The state of emergency allows the provincial government to control or prohibit assembly, control or prohibit travel to and from areas, and the authority to coordinate commerce activity and emergency responders. The province made (PDF) several immediate orders as a result of the state of emergency,
Effective 6:00 am ADT on Monday, March 23, 2020, all individuals travelling into Nova Scotia will be ordered to self-isolate, even if only travelling into the province from within Canada. All individuals travelling into Nova Scotia will be checked upon entry, whether they arrive by ferry, air, or via the land border with New Brunswick. At 12:00 pm ADT on March 22, 2020, all provincial and municipal parks and beaches were ordered closed.
Exceptions to this order will be made for those individuals providing essential services, including those in:
- health care;
- child protective services; and
- law enforcement.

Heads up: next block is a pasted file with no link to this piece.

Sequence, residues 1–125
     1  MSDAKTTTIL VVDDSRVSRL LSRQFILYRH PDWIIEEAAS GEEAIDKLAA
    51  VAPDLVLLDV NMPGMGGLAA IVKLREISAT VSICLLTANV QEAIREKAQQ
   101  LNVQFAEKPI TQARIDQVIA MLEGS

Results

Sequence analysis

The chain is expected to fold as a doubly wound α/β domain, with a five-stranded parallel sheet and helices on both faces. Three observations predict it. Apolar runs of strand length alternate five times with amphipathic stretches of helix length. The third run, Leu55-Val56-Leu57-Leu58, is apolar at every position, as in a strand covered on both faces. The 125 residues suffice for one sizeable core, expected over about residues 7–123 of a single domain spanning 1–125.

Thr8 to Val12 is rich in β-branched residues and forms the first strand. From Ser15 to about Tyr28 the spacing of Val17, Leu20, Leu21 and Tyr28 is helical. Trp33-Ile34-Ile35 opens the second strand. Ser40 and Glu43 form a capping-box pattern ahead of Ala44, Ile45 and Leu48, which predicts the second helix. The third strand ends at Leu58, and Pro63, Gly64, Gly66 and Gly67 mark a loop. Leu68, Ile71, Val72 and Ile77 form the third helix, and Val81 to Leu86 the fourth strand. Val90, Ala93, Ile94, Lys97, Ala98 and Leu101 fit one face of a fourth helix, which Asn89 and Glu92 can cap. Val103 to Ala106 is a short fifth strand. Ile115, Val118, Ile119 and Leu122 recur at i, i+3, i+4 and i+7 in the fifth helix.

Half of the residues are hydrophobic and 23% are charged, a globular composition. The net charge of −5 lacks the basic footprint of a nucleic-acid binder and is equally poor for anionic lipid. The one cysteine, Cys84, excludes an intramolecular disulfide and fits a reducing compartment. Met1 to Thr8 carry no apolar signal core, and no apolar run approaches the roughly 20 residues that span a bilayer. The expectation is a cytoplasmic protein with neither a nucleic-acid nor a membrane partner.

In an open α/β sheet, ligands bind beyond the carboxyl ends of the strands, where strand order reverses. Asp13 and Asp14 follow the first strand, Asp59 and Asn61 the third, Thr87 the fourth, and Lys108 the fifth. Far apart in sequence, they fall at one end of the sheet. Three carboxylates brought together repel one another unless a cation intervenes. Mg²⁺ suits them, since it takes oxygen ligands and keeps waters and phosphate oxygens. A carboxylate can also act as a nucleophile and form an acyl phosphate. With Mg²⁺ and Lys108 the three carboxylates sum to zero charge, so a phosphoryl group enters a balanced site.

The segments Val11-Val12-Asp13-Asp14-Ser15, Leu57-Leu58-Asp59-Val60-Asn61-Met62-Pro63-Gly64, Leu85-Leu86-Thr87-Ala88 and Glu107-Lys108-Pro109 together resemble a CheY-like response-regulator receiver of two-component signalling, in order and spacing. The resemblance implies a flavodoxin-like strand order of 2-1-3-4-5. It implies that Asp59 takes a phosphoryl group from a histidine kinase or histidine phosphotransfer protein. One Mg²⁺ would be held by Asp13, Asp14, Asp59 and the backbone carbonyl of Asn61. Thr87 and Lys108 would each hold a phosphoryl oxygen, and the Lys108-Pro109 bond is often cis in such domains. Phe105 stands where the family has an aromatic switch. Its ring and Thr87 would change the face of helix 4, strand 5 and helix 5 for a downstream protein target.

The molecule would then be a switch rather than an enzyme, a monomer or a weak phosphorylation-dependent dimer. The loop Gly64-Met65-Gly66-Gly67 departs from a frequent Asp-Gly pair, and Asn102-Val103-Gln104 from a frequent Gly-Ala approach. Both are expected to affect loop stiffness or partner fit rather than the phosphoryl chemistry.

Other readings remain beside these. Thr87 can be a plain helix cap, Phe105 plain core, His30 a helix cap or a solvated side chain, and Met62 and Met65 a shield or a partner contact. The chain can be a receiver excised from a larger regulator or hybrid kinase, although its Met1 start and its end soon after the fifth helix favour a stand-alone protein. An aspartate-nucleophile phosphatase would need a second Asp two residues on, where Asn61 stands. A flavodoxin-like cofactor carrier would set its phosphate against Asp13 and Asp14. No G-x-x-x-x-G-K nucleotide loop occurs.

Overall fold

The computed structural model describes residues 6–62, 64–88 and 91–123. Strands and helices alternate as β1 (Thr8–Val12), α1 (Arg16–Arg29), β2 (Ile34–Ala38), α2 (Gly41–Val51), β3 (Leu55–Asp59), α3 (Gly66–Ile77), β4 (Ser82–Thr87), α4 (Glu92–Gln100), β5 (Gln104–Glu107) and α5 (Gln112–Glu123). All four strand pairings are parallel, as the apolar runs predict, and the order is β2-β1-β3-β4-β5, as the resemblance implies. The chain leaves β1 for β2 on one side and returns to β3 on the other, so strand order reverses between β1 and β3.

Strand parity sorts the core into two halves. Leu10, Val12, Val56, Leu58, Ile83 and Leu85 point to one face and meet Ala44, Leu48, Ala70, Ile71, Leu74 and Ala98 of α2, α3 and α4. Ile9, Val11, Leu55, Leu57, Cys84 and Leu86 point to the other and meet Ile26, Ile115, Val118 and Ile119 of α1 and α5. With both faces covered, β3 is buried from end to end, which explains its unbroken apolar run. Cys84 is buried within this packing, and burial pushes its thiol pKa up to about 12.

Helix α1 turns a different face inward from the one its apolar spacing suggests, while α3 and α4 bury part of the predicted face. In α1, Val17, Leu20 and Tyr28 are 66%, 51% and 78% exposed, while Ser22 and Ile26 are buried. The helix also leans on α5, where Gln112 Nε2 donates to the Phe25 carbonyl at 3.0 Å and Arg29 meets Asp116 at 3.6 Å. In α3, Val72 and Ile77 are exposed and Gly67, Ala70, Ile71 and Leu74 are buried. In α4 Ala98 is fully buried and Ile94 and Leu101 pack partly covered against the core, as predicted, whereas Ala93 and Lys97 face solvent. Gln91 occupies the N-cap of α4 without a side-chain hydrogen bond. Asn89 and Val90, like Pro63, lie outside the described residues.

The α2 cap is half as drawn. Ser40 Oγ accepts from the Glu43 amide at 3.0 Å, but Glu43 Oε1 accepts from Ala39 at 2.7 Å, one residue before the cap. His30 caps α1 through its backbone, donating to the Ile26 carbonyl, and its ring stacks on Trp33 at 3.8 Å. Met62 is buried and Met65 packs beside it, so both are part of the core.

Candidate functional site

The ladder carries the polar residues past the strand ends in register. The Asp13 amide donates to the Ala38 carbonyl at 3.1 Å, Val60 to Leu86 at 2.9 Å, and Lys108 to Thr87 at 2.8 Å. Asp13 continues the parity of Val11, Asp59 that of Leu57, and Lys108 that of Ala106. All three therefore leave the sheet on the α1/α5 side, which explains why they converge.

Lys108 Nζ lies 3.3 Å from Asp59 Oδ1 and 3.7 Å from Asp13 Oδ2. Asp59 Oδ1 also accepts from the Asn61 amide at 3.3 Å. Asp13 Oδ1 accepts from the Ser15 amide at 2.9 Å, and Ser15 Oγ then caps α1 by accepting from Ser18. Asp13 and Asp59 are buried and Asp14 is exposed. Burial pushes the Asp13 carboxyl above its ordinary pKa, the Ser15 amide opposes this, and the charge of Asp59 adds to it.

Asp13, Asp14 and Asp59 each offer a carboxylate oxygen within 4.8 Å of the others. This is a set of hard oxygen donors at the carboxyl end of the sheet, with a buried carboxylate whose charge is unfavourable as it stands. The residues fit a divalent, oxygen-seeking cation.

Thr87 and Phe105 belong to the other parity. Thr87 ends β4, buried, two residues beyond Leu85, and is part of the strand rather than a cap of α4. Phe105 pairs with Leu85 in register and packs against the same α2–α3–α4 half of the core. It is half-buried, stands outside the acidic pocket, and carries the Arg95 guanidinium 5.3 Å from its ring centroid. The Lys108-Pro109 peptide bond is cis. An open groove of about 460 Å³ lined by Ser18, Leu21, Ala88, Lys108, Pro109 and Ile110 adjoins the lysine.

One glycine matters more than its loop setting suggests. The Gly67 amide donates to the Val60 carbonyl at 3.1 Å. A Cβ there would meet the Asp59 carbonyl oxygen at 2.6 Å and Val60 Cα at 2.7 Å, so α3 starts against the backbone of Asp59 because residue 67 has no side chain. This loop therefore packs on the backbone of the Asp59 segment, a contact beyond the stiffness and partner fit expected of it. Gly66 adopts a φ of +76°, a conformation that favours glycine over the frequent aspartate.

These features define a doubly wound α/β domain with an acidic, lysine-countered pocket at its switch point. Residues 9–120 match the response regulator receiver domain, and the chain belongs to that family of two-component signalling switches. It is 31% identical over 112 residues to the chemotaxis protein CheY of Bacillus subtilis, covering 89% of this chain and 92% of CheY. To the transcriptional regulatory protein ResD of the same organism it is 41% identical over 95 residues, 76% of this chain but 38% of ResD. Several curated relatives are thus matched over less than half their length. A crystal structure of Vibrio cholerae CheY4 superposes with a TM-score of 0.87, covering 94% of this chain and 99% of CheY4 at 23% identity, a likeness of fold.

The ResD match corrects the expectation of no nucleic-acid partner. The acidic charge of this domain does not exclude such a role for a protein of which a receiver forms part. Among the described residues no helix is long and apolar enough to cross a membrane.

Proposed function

Further, police forces in Nova Scotia now have the authority to enforce orders under the Health Protection Act, including self-isolation and social distancing orders. Police can issue summary offense tickets with fines to individuals found to be in violation of an order to self-isolate, and individuals and businesses not practicing or enforcing social distancing. The fines are as follows:
- for individuals - $1,000 per day, per fine; and
- for businesses - $7,500 for the first offence, with increased costs on a daily basis.
Fines can be issued on multiple days if there is a failure to comply.
Finally, group gatherings of more than 5 people are now prohibited.
Prince Edward Island
On March 21, 2020, the province's Chief Public Health Officer urged anyone travelling to P.E.I., even from within Canada, to self-isolate for fourteen (14) days. New screening measures are being put in place at all entry points into the province with some exceptions for essential workers (e.g. health care workers, truck drivers, airline crews, essential frontline workers in the public or private sector, workers in critical sectors).
The government released a new infectious disease emergency leave regulation identifying COVID-19, among others, as a designated infectious disease as of January 25, 2020. As a result, employees in Ontario are now retroactively entitled to a leave of absence under the Employment Standards Act, 2000 because of one or more of the following reasons related to COVID-19:
(i) the employee is under individual medical investigation, supervision or treatment related to COVID-19,